United States of America Plaintiff - Appellee v. Michael Huyck Defendant - Appellant

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United States Court of Appeals, Eighth Circuit.

United States of America Plaintiff - Appellee v. Michael Huyck Defendant - Appellant

United States of America Plaintiff - Appellee v. Michael Huyck Defendant - Appellant

No. 15-3649, No. 15-3652

    Decided: February 22, 2017

Before COLLOTON, BEAM, and GRUENDER, Circuit Judges.

Following a jury trial, Michael Huyck was convicted of multiple child pornography-related crimes. On appeal, he raises four issues, claiming that (1) the district court 1 erred in denying his motion to suppress evidence seized pursuant to an allegedly stale search warrant, (2) the district court abused its discretion in admitting various exhibits, (3) the evidence did not support the jury's verdicts, and (4) the district court abused its discretion in denying his motion for a new trial. We affirm.

I. BACKGROUND

In November 2012, the FBI seized a computer server in Bellevue, Nebraska that hosted child pornography websites on the “Tor” network. The Tor network is designed to allow users to surf the Internet anonymously and access otherwise hidden websites, including illegal websites like “Pedoboard,” which was strictly devoted to child pornography. To access the Tor network, a user downloads special software that obscures a user's Internet Protocol (“IP”) address, thereby evading traditional law enforcement IP identification techniques.2 Once on the Tor network, users must have a unique, sixteen-character web address to access the Pedoboard website. Unlike traditional web addresses, a Tor web address does not indicate the services or content available on the site. Thus, a Pedoboard user must obtain the web address from other users or from Internet postings describing Pedoboard's content. The most common way to find Pedoboard's web address was to access the “Hidden Wiki”—a directory of Tor hidden services providing the name of the hidden service, a description of its content, and the Tor web address. To identify people accessing Pedoboard, the FBI installed Network Investigative Technique (“NIT”) software on the website, which revealed the true IP addresses of people accessing the site, the date and time the user accessed the content, and the user's computer operating system.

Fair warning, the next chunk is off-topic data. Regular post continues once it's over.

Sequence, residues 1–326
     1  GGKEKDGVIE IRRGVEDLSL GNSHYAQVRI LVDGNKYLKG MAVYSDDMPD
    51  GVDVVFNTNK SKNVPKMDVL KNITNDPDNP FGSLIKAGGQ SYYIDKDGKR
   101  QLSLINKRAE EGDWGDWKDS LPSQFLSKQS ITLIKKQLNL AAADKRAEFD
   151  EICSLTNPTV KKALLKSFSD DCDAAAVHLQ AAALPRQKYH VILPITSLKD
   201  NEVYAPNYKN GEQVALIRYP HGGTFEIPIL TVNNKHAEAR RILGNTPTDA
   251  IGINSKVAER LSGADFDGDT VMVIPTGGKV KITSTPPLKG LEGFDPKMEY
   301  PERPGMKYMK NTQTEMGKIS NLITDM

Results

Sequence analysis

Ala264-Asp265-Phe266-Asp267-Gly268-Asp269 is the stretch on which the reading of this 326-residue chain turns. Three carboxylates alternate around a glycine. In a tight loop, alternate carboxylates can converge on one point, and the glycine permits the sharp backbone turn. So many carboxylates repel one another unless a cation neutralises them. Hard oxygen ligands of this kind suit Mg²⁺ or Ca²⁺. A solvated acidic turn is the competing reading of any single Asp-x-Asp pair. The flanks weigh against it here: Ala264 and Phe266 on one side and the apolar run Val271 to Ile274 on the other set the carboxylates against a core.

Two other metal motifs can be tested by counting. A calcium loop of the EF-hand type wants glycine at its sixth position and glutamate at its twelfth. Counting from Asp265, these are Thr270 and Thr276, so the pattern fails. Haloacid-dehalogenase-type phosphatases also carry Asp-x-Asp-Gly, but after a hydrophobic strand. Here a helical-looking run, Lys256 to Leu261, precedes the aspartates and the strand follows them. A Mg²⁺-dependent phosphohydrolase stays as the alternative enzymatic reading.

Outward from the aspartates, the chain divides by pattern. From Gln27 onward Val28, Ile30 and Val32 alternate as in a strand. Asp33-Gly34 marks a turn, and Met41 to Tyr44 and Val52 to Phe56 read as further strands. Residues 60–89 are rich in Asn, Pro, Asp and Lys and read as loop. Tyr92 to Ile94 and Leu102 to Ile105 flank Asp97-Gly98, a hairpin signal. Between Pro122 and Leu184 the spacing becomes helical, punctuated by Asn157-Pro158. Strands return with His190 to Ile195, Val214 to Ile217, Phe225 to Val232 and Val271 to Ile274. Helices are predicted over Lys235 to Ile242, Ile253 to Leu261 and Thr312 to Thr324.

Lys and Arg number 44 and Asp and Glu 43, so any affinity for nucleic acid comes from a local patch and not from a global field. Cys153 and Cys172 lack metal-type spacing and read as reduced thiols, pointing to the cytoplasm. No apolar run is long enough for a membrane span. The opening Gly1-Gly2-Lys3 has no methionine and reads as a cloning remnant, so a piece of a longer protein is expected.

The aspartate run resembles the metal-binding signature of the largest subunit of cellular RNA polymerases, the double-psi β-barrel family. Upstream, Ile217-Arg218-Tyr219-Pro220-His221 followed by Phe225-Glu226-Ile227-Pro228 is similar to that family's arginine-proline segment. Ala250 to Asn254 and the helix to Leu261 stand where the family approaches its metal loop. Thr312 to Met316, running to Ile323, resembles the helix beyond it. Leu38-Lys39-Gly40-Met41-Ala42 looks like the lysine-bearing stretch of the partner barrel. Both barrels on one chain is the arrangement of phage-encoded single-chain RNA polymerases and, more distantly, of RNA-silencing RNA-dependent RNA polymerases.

The FBI controlled and monitored Pedoboard from November 16, 2012 to December 2, 2012. On November 21, 2012, an IP address linked to Huyck's residence utilized the Tor network and browsed Pedoboard for at least nine minutes. The computer used Windows XP and a Google Chrome browser. Huyck and his sixteen-year-old daughter were the only people present at his residence that night. No child pornography was downloaded during the visit.

In early April 2013, law enforcement agents conducted physical surveillance of Huyck's residence. They noted that Huyck utilized an unsecured wireless network, though the signal strength was so weak that agents could not obtain the signal from the front yard of his residence. Agents prepared a search warrant for the residence, which was executed on April 9, 2013, more than four months after the November 2012 Pedoboard access date. Officers went to the basement of Huyck's residence and discovered a complex computer network. They also found a Hitachi 160GB hard drive, a G-Technology 2GB external storage drive, and a Molex 2GB thumb drive on his desk and among his personal belongings. Two computers were located underneath the desk, and neither used Windows XP or Google Chrome at the time of the search. However, one of the computers had been recently wiped clean of all data, and stickers on the computer towers indicated Windows 7 had been downgraded to Windows XP Pro. Huyck was the only adult living at the residence, and during the search, Huyck told officers that no one else had access to his computers and that he worked at Molex in an information technology position. Finally, Huyck admitted that he was familiar with and had used the Tor network, believing it to be anonymous.